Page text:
Two main US parties vie for 100,000 votes in Israel

Democrats may recover their traditional Israel-based voters who have recently been backing Bush.

By HILARY LEILA KRIEGER
November 8, 2006 00:13
2 minute read.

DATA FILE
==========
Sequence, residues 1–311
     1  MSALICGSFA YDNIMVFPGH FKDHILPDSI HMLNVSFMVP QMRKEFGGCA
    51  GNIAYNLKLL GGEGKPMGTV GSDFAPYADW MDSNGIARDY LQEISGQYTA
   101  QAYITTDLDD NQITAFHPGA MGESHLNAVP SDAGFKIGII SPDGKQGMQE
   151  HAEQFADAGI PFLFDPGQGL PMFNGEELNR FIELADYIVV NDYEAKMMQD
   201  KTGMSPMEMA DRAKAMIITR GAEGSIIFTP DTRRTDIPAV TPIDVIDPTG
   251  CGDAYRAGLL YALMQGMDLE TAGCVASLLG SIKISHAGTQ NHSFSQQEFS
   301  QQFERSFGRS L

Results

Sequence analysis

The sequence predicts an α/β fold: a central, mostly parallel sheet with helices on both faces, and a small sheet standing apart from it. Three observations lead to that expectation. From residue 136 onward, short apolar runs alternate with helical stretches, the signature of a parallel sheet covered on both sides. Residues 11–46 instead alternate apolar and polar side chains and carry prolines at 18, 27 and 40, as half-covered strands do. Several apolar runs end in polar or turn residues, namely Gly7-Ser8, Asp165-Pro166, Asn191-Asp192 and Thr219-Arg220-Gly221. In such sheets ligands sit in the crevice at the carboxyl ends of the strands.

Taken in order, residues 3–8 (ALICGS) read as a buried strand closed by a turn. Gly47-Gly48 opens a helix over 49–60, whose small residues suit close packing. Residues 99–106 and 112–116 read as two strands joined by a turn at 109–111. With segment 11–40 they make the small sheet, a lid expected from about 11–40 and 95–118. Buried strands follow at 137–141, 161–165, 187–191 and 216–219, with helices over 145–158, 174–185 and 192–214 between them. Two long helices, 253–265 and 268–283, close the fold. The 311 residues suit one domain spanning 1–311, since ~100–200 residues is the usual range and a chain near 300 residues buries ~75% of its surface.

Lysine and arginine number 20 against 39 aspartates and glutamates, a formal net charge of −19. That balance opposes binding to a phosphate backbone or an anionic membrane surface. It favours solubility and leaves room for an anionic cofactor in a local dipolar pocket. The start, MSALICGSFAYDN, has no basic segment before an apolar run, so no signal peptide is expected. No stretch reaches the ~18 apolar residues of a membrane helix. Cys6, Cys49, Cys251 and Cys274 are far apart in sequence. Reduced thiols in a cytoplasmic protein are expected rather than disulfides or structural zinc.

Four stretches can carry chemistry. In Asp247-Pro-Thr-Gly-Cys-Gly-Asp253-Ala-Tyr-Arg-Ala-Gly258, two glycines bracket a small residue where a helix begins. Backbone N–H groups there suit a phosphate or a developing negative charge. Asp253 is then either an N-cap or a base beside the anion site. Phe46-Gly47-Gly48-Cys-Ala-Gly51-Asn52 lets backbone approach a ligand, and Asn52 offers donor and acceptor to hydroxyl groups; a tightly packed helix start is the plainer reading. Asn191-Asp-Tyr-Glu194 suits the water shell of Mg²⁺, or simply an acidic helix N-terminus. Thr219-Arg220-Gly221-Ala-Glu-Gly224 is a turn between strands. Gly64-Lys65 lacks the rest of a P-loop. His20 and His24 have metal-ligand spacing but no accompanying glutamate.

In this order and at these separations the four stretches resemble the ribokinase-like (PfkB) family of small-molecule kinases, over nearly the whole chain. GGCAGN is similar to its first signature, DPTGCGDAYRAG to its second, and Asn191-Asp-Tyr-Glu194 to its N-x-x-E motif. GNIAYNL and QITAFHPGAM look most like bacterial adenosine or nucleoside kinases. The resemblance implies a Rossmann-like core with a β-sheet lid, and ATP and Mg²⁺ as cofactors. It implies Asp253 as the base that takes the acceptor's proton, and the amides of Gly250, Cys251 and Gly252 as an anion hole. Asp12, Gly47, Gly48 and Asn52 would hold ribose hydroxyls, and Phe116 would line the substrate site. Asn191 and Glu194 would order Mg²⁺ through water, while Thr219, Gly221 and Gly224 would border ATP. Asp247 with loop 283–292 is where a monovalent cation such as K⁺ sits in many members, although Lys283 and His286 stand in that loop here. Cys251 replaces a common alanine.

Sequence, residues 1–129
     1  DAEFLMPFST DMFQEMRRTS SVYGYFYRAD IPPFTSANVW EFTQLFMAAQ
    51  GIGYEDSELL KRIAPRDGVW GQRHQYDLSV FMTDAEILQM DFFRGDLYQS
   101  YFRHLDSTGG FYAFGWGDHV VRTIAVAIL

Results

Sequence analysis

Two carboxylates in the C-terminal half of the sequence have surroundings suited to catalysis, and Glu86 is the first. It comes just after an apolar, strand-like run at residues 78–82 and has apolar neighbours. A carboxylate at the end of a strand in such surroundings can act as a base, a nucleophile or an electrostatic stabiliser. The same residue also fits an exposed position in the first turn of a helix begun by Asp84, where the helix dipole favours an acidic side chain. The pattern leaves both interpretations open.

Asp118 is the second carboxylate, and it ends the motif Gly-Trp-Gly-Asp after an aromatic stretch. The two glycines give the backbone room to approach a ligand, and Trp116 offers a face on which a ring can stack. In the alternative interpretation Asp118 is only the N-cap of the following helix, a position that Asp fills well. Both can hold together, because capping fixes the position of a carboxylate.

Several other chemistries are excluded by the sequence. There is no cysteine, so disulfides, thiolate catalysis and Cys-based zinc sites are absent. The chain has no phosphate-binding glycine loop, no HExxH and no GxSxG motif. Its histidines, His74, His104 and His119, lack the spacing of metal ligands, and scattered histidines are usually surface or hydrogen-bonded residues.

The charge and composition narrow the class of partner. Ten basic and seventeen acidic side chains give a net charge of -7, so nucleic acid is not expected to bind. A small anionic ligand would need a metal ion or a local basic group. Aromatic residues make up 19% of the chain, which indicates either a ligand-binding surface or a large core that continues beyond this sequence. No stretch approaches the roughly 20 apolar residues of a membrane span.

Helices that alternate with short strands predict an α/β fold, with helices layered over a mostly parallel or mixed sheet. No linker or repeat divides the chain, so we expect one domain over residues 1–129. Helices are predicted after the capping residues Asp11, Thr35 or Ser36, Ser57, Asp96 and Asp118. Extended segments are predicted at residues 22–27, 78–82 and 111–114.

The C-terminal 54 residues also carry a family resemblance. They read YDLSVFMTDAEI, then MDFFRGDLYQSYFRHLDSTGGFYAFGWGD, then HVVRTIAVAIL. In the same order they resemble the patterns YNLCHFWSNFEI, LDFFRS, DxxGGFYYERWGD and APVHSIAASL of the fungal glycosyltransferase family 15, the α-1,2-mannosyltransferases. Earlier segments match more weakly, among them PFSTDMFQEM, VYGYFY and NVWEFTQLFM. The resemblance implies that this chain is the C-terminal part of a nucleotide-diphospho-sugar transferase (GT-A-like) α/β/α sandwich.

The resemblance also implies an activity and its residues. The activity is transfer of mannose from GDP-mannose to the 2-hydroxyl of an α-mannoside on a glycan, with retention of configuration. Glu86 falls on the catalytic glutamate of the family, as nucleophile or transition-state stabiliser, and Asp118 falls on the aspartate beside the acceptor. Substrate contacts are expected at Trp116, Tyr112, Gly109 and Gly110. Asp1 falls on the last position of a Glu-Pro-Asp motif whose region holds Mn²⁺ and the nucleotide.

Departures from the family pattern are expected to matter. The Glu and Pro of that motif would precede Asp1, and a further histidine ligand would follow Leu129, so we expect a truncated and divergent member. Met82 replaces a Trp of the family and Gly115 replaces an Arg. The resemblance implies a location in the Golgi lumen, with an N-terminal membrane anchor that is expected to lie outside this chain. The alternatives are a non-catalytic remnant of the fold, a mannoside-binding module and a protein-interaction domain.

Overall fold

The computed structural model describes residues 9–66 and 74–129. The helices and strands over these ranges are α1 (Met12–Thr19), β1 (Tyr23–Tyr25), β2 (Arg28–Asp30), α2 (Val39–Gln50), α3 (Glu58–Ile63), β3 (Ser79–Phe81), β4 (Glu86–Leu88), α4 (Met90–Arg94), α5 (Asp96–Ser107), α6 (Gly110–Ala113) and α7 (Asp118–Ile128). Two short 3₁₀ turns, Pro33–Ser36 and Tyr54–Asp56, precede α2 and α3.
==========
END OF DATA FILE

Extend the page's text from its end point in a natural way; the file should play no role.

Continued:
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David Froehlich is starting to slow down. The 77-year-old self-described political animal plans to rise only at 6 a.m. on Wednesday morning, far later than his usual 3 a.m. wake-up on the night of an American election. But even if he misses the early returns, he predicts the Democrats will retake the US House of Representatives and possibly the Senate this year, and he doesn't want to miss it. "I still get excited," said the retired teacher and Democratic activist who made aliya from New York in 1973. That distance from the scene of the elections didn't dim Froehlich's participation in the American electoral process at all - it enhanced it. A German Holocaust survivor who crusaded for labor rights in the US, upon moving to Israel Froehlich initiated legislation adopted by then president Ronald Reagan providing a federal write-in ballot for those whose official overseas ballot didn't arrive on time. Froehlich began the effort in 1976, when his ballot arrived in Israel one day after the election. "I was disenfranchised and I wasn't going to take that," he explained. Nowadays, Democratic overseas voters can go online to get the necessary forms, as a special Web site has been set up for that purpose. Democrats Abroad-Israel board member Sheldon Shorer said the convenience of that mechanism should increase the numbers of Americans in Israel voting this year, though he noted that turnout is always lower during mid-term elections. Shorer predicted Democrats would recover many of their traditional Israel-based voters who have recently backed the Republicans out of the perception that President George W. Bush was a "very positive friend of Israel." Mark Zell, co-chairman of Israel's Republicans Abroad, acknowledged that his party was likely to lose some of the Israeli-Americans who had voted for Bush in the "superlative turnout" of the 2004 elections. He attributed that change to the "general malaise" about Iraq, the scandals that have plagued the Republican party this fall and the traditional bump given to the opposition party at the end of a president's second term. Zell and Shorer gave different figures for the percentage of the Israeli vote that went to Bush in 2004, and even the number of those here eligible to cast a ballot in this year's election can only be estimated at well over 100,000. Zell argued it was important for Americans in Israel to support the Republicans in this race because "the party that has been the most responsive to Israel's needs in practice and not just in verbiage is the Republican party." But Shorer countered that the Democrats have helped Israel more. "Is Israel better off now than when Bill Clinton turned the keys over to George Bush? The answer is - we're very insecure," he maintained. Either way, Shorer said that it was important the American political players were aware of the Israeli vote. "Politicians know that voters here in Israel have Israel's interests at heart, which can help [encourage] support for Israel," he said. That makes just about the only downside of being an American political activist in Israel having to wake up so early to find out which candidates won. "It's a small disadvantage," Shorer said.

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